A lot of birders and researchers use two main web sites to record bird information. Birdata is maintained by Birdlife Australia and Ebird is maintained by the Cornell Lab of Ornithology in the USA. This has allowed the development of very detailed datasets of bird distribution, breeding, populations changes, the impact of changes to the environment, the impact of fire and such like. Birders also use them to share information about the location of rare and unusual species and of course to maintain records of their birding.
For beginners or those interested in finding a particular species these resources provide excellent information about current locations of individual species.
The databases can be accessed by anyone and are free. They can be accessed via websites and also via smartphone Apps.
If you want to find out more about the birds of the area both sites provide up-to-date information. You can use them without registering for an account, but it is a good idea to register so that you can contribute your own bird lists. Both sites have their strengths and weaknesses – see the book for a discussion of this.
Note: Search results for a particular species will vary between these two sites as most people use only one site to record their data. However, a lot of my older eBird records have now been loaded into Birdata. Still – it is best to check both to be sure. The examples below have specified a date range of 2013-2018 to limit searches to the more recent records.
You can adjust these settings to suit. For example, some birds are migratory and will only be found in certain months. A good example is the Flame Robin which visits this area in Autumn-Winter. Other birds, such as many of the cuckoos, are summer visitors. It always pays to check sites in advance if you are looking for a particular species.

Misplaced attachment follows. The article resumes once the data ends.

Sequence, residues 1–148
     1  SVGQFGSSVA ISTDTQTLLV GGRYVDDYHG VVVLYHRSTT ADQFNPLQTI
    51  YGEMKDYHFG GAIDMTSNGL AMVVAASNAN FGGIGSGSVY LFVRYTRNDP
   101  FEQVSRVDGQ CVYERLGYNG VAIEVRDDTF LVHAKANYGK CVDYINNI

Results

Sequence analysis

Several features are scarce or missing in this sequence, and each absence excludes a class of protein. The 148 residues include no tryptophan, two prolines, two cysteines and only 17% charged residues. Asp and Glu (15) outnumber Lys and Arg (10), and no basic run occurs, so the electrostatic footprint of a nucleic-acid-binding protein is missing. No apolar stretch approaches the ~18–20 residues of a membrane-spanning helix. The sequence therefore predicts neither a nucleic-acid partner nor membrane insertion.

eBird – ebird.com
Find a particular site
Explore –> Hotspots –> Type in search term –> View details
Most of the walks in the book are in eBird along with a lot of other sites.
These lists give you an idea of what has been seen, how often and dates. Useful to help you plan a visit.
Explore a region:
Explore –> Explore a Region –> try: Victoria, Australia –>
This gives you all checklists. Click on the map in the top right corner and drill down (double click on map or click + button) to any area you are interested in until you see individual birding reports that appear as coloured markers. Click on a marker to get more information.
For individual species:
Explore –> Species Maps –> enter species –> drill down to local area
The map below shows the sites for Speckled Warbler – 2013-2018 in this area. You can click on a site to get the full list
Birdata – birdata.birdlife.org.au
Explore a region:
Live Data Map on front page –> drill down by double-clicking
Find a species:
Explore –> Select species –> select data range –> drill down by double-clicking the map or use the + key to zoom down to the local area where you will see lots of dots representing survey points. The map below shows a search for Hooded Robin in this region.
Entering data allows you to contribute to the collection of useful information. And for a beginner they are great learning tools as they provide a check on likely species.